How Spouses Fare From Divorce
A lot of people who divorce know what they’re getting out of. But they have very little knowledge of what they’re getting into. From a financial standpoint, Natalie Nelson, a financial divorce consultant in Boulder, Colorado said, “I’m not looking just at the snapshot of the divorce itself but projecting many years into the future to let them know what the outcome of their settlement is going to look like for them. I wonder sometimes if people knew what divorce was going to cost them, if they would try at all costs to avoid that outcome.”
Lisa Bell knows the financial struggle of divorce all too well. Bell, a 35-year-old public relations consultant in Boulder, decided to sell her half of the three-year old public relations firm she had started so that she could stay home to take care of her 4-year-old son and devote more time to her struggling marriage.
Unfortunately, her sacrifice was in vain. Three months after selling out to her business partner, she and her husband decided to divorce. Even though they divided their assets equally, Bell has had to start all over in her career, working from home as an independent consultant.
She now earns half of what she used to make in her old business, and has had to get used to living on a quarter of the income she enjoyed while she was married. She’s also living with her son in the couple’s old house, which she has been trying to sell.
“It’s become an albatross now,” Bell says of her home. “It’s a house filled with adult toys that are a representation of all of the money we accumulated in the marriage. It’s full of stuff that I can’t sell and I don’t want anymore.”
For people like Lisa Bell, who don’t have millions at their disposal, divorce can be the one of the most financially devastating events they will ever face. Many couples are still left with lingering financial problems ranging anywhere from planning for their retirement, to simply learning how to live on less.
Psychologist Diane Medved, in her book The Case Against Divorce, describes the emotional effects of the divorce experience: “At first you might feel relief,” she says, “but it is short-lived. Tests show that for the first five to six years you will be consumed by moderate to severe anger. Depression, which at its very core is a feeling of failure, will be your companion. Stress tests rank separation and divorce as the second and third most traumatic events in a person’s life. The only thing ranked more stressful is the death of a spouse.” Medved says that in a study she conducted, seventy percent of divorced people surveyed reported feelings of anxiety related to the divorce seven and eight years later. For some of the survey participants, these feelings lasted for twenty years and over. Other writers testify to feelings of intense loneliness, financial distress, emotional confusion and the loss of personal identity.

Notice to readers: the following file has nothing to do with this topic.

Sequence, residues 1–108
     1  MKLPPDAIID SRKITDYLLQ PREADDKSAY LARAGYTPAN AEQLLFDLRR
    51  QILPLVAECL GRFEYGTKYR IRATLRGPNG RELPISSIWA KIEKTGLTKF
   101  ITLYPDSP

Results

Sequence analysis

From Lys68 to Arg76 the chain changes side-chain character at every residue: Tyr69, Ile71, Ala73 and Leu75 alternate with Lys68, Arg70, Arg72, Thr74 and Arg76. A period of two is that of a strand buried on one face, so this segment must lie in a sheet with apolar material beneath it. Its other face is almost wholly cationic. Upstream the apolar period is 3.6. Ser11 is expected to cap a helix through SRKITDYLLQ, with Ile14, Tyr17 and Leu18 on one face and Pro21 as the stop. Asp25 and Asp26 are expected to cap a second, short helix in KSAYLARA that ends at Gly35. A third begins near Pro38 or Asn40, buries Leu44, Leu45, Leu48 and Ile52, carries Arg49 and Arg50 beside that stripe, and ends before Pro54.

According to a report in the American Journal of Psychiatry, divorced men are more than three times as likely to be clinically depressed than the average population. This depression, if it goes untreated, is as dangerous as severe heart disease.
Harvard sociologist Armand Nicholi III concluded, “Divorce is not a solution, but an exchange of problems.” (Source unknown) It is a harsh and demoralizing way to address issues that have not been tackled in other ways. One writer called it a private hell. Another one wrote, “When my marriage was hurting, all I wanted to do was get out of my pain. The consequences seemed minor in comparison. It was like an aching tooth, all I could think about was having it pulled. What I didn’t know was that divorce would be, as my father used to say, like jumping from the frying pan into the fire.”